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that regulate the Lamaseries. Such establishments are under the spiritual direction of a man, there being no such class of women as the ancient priestesses, or modern abbesses. There were formerly convents of women in the Birman Empire, but government suppressed them as prejudicial to population. Only old women are allowed to devote themselves to a life of celibacy. They shave their hair and wear white robes. They at first lived in the same building with men who had vowed themselves to a religious life, but to prevent immoralities they were afterward divided into separate establishments. These women keep the temples in order, accompany funerals, bring water for ceremonies of purification, and other similar offices. Women in Buddhist countries, as in all parts of Asia, are in an enslaved condition. Polygamy is allowed, and the wealthy sometimes have harems.

In the Lamaseries there is a complicated division of ranks, each with appropriate duties, and all are bound to obey the Superior implicitly. It is common to place children of five or six years old in Lamaseries, where they learn to read and write, and perform various services about the house. At twenty-one years of age they can be received into the brotherhood, after examination. On these occasions the candidate is required to affirm solemnly that he is of the required age, that he was born in wedlock, that he has consent of parents, is in debt to no one, free from hereditary disease or bodily defect, not sprung from a race of dwarfs or giants, and not under the influence of sorcerers, or Evil Spirits from the woods and mountains. These preliminaries being settled, the parents give a feast. Afterward, the young man shaves his head, and in token of renouncing old ties, he drops his name and takes another. If asked to what country he belongs, he replies: “I have no country. I spend my time in such or such a Lamasery.” Every one is free to quit

, whenever he judges it best to return to the world. Each member brings with him a cup, pitcher, dish, and mat to sleep on. They are forbidden to kindle a fire to prepare food for themselves. They must depend on the offerings of the charitable, or what they can gain by begging. Mendicants are generally sent out into the environs once a week, but they are not allowed to demand anything, or to manifest any discontent when they are refused. They all take their meals together, it not being permitted to eat alone. They must not swallow food after sundown, or have a light in the evening, for fear of destroying some insect thereby. Some of the Lamas are so scrupulous on this point, that when they ride they are constantly turning their horses this way and that, to avoid trampling on some insect or reptile. If they chance to kill one, they fast and pray, and perform various ceremonies to atone for it. The more enlightened Lamas say they approve of such precautions, not because a human soul may have transmigrated into the animal, but because men of prayer, who seek to live in communion with the Deity, ought to be merciful and gentle toward all things. Though not allowed to kill any creature, they are permitted to eat the flesh of an animal that came to its death by accident. The laity in most Buddhist countries are not so scrupulous on this point, and if meat is offered to religious mendicants, they can often be induced to eat it, by assurances that the animal was not killed with the intention of offering it to them. What remains of their meals is not allowed to be reserved; it must be distributed to the poor, or to strangers, or to the youths who attend the school, or even to animals. Consequently, these establishments are always surrounded by a crowd of beggars. Inmates of the highest rank are as simple in dress and food as the lowest. The men are expressly forbidden to pass a night in the buildings appropriated to women, and women are not allowed to remain over night in any of the Lamaseries. If the vow of perpetual chastity is violated, the culprit is severely punished, and for a second offence expelled. It is said their manners are generally pure, which is more likely to be the case from their freedom to return to a worldly mode of life whenever they choose. Among the Birmans, the violation of their vow of chastity is punished by death in the flames. The Sacred Books are very emphatic on this point. In the “Forty-Two Points of Instruction," it is said: “Bouddha, the Supreme of Beings, manifesting his doctrine, pronounced these words: There is no passion more violent than voluptuousness. Happily there is but one such passion. If there were two, not a man in the whole universe could follow the truth."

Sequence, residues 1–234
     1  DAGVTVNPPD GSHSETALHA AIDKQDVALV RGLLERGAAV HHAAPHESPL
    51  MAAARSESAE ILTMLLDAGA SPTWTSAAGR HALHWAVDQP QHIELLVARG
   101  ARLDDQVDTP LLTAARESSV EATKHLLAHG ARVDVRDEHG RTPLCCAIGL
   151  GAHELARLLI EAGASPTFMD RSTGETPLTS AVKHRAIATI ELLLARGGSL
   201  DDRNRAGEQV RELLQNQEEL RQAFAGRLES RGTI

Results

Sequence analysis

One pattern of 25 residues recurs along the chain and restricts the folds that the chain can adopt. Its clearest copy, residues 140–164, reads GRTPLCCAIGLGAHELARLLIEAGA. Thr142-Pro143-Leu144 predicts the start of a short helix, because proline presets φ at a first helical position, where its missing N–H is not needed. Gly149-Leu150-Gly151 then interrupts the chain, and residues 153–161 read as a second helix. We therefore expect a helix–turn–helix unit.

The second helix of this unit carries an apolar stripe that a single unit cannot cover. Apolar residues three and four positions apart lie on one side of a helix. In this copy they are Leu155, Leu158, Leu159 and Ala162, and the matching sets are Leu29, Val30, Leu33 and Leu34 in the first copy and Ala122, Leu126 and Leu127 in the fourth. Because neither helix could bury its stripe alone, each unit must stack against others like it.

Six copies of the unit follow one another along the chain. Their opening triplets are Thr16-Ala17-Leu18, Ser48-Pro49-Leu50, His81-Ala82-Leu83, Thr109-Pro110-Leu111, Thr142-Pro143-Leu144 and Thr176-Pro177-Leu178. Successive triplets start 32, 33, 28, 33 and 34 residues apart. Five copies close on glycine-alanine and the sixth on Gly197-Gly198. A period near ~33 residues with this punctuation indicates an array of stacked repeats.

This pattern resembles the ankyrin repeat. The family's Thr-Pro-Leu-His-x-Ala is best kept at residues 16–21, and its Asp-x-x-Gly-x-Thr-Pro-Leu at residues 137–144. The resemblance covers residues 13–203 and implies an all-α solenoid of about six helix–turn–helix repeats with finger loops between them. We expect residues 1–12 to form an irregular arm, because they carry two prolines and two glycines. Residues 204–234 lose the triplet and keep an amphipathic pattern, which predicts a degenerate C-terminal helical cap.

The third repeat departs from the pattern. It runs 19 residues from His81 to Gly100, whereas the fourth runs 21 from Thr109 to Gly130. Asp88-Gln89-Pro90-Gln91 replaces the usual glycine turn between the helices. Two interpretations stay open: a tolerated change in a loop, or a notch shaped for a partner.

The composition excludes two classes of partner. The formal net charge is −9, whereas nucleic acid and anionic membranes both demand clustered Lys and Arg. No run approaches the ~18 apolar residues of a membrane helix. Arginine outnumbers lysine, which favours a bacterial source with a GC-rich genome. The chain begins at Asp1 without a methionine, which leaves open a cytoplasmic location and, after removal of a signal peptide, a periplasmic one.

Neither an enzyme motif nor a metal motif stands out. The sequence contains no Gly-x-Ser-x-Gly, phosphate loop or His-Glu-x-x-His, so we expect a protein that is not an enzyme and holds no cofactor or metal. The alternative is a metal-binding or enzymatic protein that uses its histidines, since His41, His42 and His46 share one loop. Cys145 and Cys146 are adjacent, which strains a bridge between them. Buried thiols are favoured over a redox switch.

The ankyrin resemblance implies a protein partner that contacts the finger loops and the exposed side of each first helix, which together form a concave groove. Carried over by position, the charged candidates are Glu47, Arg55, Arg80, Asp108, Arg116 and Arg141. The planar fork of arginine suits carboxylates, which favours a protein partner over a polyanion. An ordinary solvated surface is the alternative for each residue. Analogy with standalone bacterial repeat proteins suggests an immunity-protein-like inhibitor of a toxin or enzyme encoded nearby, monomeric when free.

“Beware of fixing your eyes upon women! If you find yourself in their company, let it be as though you were not present. If you speak with them, guard well your hearts. Let your conduct be irreproachable. Keep ever saying to yourselves: We Lamas, while we live in this world of corruption, must be like the Water Lily, which immersed in mud contracts no stain."

“The man who walks in the path of holiness must remember that the passions are as dry grass near a great fire. He who is jealous of his virtue, should flee on the first approach of the passions."